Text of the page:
Faster, more flexible, and lower cost electricity
To ensure there is always enough electricity provided to all customers on a grid, flexible resources must respond quickly to unexpected changes in load or generation. Historically, gas peaker plants have been used in this role, but they can take as long as 5 to 10 minutes to respond. A BESS can respond in milliseconds, thereby making the grid much more reliable. And as costs continue to decline, batteries are increasingly competing with gas peakers to provide this fast-response service at a lower cost.
Cleaner, healthier air
The optimal location for flexible resources has been near large population centers where demand on the electric system is high. Typical peaker plants burning diesel or other fossil fuels emit pollutants such as particulate matter and NOx. Batteries, on the other hand, create no emissions or waste products and can be located near large population centers without harming the health of the local community.
Integration with renewables
Batteries allow for many more large, low-cost solar and wind generators to be built and reliably integrated into the grid. A BESS can charge when excess power is produced from solar or wind energy and then discharge it when needed most. In addition, battery energy storage mitigates the “duck curve” observed in areas with large amounts of solar on their electric system.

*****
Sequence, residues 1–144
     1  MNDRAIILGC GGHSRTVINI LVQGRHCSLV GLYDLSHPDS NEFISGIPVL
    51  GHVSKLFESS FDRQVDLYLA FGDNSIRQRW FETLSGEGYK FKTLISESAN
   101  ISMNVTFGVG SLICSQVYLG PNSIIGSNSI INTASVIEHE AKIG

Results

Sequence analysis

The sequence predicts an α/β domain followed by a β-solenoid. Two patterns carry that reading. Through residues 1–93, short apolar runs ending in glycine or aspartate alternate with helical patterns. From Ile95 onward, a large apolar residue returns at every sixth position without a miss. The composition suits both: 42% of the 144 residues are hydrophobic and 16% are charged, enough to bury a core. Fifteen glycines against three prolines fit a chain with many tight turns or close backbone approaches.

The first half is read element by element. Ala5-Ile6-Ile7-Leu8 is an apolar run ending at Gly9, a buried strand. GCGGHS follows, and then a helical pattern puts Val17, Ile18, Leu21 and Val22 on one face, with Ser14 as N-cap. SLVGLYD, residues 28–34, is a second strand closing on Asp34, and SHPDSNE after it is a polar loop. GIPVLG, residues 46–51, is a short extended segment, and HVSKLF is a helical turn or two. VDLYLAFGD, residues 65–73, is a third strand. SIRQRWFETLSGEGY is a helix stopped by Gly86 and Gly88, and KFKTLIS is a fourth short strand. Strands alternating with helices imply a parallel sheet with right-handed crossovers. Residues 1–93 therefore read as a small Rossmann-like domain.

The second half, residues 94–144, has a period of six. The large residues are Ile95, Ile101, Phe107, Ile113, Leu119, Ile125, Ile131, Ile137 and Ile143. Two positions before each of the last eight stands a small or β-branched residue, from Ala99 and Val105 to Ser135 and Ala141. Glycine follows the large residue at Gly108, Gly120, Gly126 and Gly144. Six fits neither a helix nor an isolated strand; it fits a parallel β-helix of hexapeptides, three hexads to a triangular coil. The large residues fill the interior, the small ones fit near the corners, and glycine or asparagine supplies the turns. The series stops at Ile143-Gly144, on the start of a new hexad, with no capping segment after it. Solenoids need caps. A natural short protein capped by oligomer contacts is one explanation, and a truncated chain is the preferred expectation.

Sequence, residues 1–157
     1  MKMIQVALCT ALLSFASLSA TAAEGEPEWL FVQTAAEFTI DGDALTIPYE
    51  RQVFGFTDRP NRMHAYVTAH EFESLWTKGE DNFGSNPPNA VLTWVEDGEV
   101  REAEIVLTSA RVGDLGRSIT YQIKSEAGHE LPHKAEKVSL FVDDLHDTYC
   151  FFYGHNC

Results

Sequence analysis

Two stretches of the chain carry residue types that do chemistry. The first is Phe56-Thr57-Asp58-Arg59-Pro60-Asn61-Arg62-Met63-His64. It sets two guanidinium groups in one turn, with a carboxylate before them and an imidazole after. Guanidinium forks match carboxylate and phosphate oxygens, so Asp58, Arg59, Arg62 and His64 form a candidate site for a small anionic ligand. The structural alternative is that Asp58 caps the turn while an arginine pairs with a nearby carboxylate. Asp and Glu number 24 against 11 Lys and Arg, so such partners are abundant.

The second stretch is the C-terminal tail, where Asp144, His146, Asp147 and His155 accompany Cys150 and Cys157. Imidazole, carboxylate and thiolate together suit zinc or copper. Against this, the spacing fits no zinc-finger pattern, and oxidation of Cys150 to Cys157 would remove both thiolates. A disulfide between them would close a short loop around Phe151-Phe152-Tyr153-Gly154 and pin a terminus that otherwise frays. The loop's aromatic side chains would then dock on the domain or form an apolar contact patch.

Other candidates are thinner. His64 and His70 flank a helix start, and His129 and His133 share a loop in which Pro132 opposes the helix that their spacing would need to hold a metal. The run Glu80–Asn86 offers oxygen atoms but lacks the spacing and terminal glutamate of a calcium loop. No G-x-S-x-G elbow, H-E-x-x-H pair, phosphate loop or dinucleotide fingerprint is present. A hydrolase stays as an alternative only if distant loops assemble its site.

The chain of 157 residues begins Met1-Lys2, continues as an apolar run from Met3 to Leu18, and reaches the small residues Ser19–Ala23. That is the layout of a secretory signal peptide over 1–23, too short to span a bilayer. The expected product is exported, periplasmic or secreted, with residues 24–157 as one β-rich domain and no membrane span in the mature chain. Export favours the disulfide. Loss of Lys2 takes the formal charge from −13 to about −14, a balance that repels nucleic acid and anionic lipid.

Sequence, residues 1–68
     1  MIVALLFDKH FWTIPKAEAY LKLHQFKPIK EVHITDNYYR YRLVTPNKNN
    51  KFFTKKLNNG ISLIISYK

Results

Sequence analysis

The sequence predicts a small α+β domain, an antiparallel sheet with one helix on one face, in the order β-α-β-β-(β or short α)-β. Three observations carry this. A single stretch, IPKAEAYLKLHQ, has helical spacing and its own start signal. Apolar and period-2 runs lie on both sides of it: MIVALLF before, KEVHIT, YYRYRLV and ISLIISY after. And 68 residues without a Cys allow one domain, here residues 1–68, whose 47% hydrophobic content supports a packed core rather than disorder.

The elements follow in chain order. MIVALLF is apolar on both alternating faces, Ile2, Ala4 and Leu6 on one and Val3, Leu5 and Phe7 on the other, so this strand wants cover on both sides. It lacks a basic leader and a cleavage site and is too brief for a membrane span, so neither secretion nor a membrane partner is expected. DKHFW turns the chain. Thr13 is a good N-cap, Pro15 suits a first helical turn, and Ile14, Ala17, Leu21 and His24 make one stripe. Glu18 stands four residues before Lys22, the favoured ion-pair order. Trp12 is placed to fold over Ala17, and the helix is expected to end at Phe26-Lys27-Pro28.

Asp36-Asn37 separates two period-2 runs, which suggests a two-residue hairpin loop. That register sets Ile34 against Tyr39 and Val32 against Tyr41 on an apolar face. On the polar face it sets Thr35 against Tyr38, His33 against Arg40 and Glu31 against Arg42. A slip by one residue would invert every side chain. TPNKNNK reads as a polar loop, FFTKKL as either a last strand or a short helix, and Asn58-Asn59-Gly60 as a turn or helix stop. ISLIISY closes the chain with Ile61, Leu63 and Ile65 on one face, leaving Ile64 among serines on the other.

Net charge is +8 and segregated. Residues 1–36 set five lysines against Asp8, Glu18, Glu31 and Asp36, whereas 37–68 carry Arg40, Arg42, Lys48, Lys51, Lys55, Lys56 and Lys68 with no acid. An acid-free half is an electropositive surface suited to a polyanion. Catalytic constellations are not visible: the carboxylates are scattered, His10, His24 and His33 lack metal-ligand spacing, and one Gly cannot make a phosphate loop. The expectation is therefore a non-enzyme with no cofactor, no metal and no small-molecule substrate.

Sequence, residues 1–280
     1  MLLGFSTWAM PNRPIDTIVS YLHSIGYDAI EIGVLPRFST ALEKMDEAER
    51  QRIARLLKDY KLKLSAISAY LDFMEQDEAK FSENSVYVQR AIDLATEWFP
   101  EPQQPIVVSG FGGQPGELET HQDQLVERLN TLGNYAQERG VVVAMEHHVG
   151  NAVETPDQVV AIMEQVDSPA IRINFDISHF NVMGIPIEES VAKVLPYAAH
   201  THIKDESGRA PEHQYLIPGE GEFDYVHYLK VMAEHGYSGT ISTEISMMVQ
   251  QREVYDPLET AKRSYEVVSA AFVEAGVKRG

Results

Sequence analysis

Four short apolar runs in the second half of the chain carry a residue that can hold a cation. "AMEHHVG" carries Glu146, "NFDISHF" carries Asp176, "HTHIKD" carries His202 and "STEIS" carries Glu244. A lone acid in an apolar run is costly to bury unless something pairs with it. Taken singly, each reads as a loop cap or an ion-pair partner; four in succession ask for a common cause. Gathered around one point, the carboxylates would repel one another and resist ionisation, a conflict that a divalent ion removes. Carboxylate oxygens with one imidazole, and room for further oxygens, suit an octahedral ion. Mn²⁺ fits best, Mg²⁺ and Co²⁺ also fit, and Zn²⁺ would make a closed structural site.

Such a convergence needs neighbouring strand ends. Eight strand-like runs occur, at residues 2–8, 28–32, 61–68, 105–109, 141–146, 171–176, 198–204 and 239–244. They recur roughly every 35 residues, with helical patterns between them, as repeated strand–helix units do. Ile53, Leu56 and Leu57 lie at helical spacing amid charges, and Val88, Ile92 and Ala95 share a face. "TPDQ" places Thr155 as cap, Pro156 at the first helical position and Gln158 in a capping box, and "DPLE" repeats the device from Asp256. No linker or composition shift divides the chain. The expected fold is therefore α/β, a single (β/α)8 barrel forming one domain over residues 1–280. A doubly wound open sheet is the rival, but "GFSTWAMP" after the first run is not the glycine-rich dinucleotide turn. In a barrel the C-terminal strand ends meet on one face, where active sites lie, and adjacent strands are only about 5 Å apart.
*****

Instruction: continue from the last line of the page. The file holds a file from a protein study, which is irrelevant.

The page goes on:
Electric vehicle integration
Electric vehicles are a small part of today’s vehicle fleet, but their use as personal and commercial vehicles is growing rapidly. Grid-connected battery energy storage can integrate electric vehicles and help utilities and customers effectively manage this new load source.
Alternative to new power lines
In many cases, local constraints on the power grid require the build-out of intrusive long-distance transmission lines that can take years to build. A BESS can relieve this pressure with shorter permitting and construction timelines and at a lower cost.
No water usage
Unlike power plants that run on fossil fuels, battery systems do not require water for operation. Therefore, a BESS will never compete with other water uses like agriculture in areas where this resource is scarce.